A London-based luxury travel deal website on Thursday said it had closed a Series D investment and debt facility, led by Singapore investment company Temasek, at $111 million, bringing the online marketplace’s total funding to nearly $153 million.
Hearing an appeal of a Delaware jury verdict that Google Earth does not infringe a mapping patent, a panel of Federal Circuit judges pressed attorneys for both sides Thursday about whether the trial testimony of Google's witnesses supported the jury's decision.
Electronic Arts Inc. urged a California federal judge Wednesday to reject a bid by retired NFL players to revive a state publicity claim in their putative class action alleging the game maker improperly used their likenesses in Madden video games, arguing the players haven’t presented any new arguments.
Pennsylvania federal prosecutors Thursday filed an indictment charging a Philadelphia man with using PayPal to embezzle $1.6 million from his former employer, a New Jersey company that sells products for the cellular phone industry.
Brick-and-mortar retailers and other property-level businesses have increasingly taken advantage of technology in learning about consumer behavior. But security breaches of consumer information have led to government investigations and multimillion-dollar settlements. Businesses should incorporate privacy principles at every stage of the development of data tracking and collection programs, say attorneys with King & Spalding LLP.
Although software and business method patents have recently come under fire, there are valid approaches to successfully preparing and prosecuting these applications in the current environment, say Matthew Grady and Ed Russavage of Wolf Greenfield & Sacks PC.
Following the radical changes brought by advances in internet of things technology, the health care industry must take both immediate micro steps and larger macro steps to protect its patients from cyberrisks, say John Gilligan and Kimberly Metzger of Ice Miller LLP.
The slow pace of cyber acquisitions constitutes a significant vulnerability. Congress has relieved some of the U.S. Department of Defense's regulatory burden in the past two years, but the streamlining efforts do not go nearly far enough to deter our enemies, says Daniel Schoeni, a judge advocate with the U.S. Air Force.
Based on three cases in which the Federal Circuit has found software-related claims to recite patent-eligible subject matter, a patent application drafter can improve the chances that claims pass muster under step one of the Alice two-step patent-eligibility test, thereby not requiring an analysis under step two, says Phillip Articola of Banner & Witcoff Ltd.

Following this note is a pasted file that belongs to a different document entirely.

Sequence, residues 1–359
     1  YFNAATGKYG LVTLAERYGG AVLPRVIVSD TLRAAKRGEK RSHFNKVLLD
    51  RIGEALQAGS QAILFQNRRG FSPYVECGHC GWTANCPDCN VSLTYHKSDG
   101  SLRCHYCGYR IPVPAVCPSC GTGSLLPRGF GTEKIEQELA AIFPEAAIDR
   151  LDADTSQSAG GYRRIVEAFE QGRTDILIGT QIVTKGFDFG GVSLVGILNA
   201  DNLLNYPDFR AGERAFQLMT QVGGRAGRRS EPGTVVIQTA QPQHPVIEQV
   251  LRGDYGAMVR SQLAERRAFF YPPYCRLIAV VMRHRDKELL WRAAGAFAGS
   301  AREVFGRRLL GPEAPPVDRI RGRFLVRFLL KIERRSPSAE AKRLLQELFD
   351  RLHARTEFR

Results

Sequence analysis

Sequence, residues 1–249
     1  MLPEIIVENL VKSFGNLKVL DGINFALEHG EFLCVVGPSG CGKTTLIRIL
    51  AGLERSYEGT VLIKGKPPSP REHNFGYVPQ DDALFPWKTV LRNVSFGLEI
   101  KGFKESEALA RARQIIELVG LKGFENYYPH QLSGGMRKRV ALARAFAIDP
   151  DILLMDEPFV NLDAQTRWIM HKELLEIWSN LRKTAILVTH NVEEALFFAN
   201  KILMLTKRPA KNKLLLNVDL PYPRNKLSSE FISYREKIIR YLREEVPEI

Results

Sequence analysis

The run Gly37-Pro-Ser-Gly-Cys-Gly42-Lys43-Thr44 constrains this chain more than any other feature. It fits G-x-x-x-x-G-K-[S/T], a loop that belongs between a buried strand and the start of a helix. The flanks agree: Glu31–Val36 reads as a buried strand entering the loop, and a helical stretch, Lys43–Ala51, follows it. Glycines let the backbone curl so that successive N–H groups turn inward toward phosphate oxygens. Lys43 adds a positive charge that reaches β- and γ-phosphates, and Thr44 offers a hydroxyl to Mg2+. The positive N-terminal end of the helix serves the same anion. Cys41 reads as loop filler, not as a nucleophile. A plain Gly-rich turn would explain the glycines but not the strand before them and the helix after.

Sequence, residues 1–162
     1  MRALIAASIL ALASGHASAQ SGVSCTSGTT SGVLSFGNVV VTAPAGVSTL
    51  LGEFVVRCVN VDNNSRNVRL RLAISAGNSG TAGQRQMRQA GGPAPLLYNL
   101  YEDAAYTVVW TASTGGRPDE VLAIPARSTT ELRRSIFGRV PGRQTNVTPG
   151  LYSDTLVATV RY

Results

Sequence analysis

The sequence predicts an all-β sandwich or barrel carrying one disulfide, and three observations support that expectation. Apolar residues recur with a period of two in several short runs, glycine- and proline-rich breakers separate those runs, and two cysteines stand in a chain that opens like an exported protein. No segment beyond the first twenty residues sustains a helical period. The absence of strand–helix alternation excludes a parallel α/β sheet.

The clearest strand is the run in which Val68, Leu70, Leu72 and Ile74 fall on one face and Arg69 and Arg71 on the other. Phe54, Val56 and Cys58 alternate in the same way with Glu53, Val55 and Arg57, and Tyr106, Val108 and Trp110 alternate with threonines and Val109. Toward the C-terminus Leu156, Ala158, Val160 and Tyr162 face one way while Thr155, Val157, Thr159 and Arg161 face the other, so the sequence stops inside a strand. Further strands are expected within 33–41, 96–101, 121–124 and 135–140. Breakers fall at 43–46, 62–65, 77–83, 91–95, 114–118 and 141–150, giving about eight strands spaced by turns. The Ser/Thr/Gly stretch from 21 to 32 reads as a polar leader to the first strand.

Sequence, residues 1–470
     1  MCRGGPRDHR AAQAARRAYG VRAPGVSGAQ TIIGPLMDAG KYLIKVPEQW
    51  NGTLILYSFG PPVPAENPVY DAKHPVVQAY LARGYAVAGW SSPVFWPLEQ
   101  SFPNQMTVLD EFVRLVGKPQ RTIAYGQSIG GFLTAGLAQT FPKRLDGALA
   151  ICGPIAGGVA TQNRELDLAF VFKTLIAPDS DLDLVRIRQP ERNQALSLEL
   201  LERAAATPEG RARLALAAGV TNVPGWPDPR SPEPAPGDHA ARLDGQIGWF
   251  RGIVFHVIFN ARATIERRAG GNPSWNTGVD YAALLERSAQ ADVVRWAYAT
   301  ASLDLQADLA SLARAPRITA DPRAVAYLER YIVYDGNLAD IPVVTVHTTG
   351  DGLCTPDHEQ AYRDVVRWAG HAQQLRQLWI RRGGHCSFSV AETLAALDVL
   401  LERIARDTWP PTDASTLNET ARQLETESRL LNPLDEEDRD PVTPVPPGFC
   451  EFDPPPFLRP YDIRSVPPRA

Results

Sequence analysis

The Private Securities Litigation Reform Act protects “forward-looking statements,” but what if a prediction is presented with, and based upon, statements of current fact? New opinions from the Ninth Circuit suggest that such juxtaposing has become risky, say Nathaniel Cartmell III and Bruce Ericson of Pillsbury Winthrop Shaw Pittman LLP.
Recently, a wave of lawsuits has accused companies of violating biometric privacy laws. But the two-part test established by the Ninth Circuit in Robins v. Spokeo creates another hurdle for plaintiffs seeking to file these types of lawsuits, say Benjamin Byer and John Parsi of Davis Wright Tremaine LLP.
Although the Trump administration has completed the vetting and confirmation of a cabinet and White House staff, thousands of senior positions remain unfilled throughout the executive branch. More than ever, people selected for those posts find themselves under close scrutiny, say Adam Raviv and Reginald Brown of WilmerHale.
The supply chain for the software industry is inefficient and dysfunctional, costing tens of billions per year in waste while also injecting risk into companies, governments and households worldwide. In-house counsel for both software suppliers and buyers should work together in order to transform this supply chain, says Marty Mellican of Flexera Software LLC.
Numerous medical devices now have internet connectivity in order to allow providers to monitor patients remotely, but the risks created by this trend are poorly acknowledged and understood by manufacturers, designers, prescribers and end-users. It is far more than data or money at stake — it is patients' lives, say attorneys with Baker Donelson Bearman Caldwell & Berkowitz PC.